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According to data from the National Insurance Crime Bureau, workers compensation fraud costs American employers, consumers, shareholders, and employees around $7.2 billion a year. This is a staggering amount of money, and it can cause business owners to take notice.

Along with the importance of hiring an insurance investigator who can help you identify suspected workers; compensation fraud, what else should business owners and employers know?

The following is an overview of what to know about current trends, things to watch for, and other background information related to workers compensation fraud.

Types of Fraud

There are three types of workers’ compensation fraud. These are employer fraud, vendor fraud, and employee fraud. Employee fraud is the most commonly discussed, and it accounts for about 20% of annual workers’ compensation claims.

While workers’ compensation fraud of any type can and does occur, it’s important for business owners to know that it is still rare, and 95% of all claims do involve real workplace accidents. However, of those accidents that are real and do occur at work, fraud can still happen. For example, while someone might be injured at work, they may continue to claim benefits for much longer than what they need, and they may claim they aren’t able to return to work for much longer than is the reality.

Another example of fraud occurs when an employee works somewhere else but is still receiving workers’ compensation benefits.

Who Pays for Workers’ Compensation Fraud?

Of those $7.2 billion in annual costs, who’s shouldering the burden? Research shows pretty much everyone. When an employee makes a claim, the company they work for,which is you as the employer will have to pay for it with an increase in workers’ compensation insurance premiums. That’s not where it ends, though.

Other employees in your business as paying well because they are often pulling the weight of the employee who isn’t there. As an employer, when you have someone out, you may be less likely to give raises as well because you can’t afford it. Consumers can pay because of higher costs to deliver products or services as well.

What Are the Signs of Workers’ Compensation Fraud?

If you spot the red flags of fraud, you can contact an insurance investigator who can help you with things like surveillance, locating witnesses, investigations at the scene, and more but you still need to be able to proactively see the warning signs to know that you should bring in a professional investigator.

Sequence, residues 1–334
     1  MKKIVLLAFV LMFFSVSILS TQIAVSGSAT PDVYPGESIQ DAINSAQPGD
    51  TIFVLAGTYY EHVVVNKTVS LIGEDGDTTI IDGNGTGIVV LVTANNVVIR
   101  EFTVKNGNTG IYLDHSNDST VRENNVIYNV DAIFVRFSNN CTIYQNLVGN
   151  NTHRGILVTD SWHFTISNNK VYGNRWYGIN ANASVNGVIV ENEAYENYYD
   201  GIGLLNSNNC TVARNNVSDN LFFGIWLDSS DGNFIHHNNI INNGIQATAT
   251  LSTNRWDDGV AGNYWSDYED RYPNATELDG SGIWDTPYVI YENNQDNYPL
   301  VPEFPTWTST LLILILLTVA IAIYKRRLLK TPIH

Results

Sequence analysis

Some possible warning signs of fraud include:

  • The employee is supposedly injured on Friday afternoon but doesn’t report it until Monday, or is injured Monday morning first thing.
  • There are no witnesses.
  • Based on the employees’ description of the accident, it would seem illogical that it could occur.
  • An employee works with health care providers or lawyers with a history of suspicious claims. For example, sometimes claimants will turn to the same pool of doctors and lawyers.
  • The accident occurs right before an employee is fired or right after, or perhaps when seasonal work is drawing to an end, or a project is ending.
  • The claims adjustor isn’t able to reach the claimant while they’re at home during the day or doctors appointments are frequently missed (this could indicate the claimant is working somewhere else while receiving benefits)
  • Treatment seems to be excessive or ongoing for what appear to be minor injuries
  • Medical bills and documents are copies rather than originals
  • The claimant visited several doctors (doctor shopping for an opinion that would be favorable to them)
  • You first learn about the claim because your employee has hired a lawyer immediately after filing the claim
  • There is any delay in the reporting of an injury
  • An employee has seemed unhappy or had problems at work before the injury

Preventing Workers’ Compensation Fraud

Along with looking at possible red flags that could indicate fraud is occurring, as an employer, you can also take steps to prevent this type of fraud. Some of the prevention tips you can put in place include:

  • Work on cultivating a positive corporate culture because happy employees are less likely to commit fraud
  • Do thorough background checks before you hire new employees
  • Focus on employee safety including safety plans and thorough training of employees
  • Create a specific set of steps for employees to follow if an accident occurs and also make sure supervisors are well-trained on how to handle workplace accidents

Workers’ compensation fraud is an unfortunate part of doing business for some companies. It’s important to know what to look for as an employer to lower the risk that it will happen in your business.

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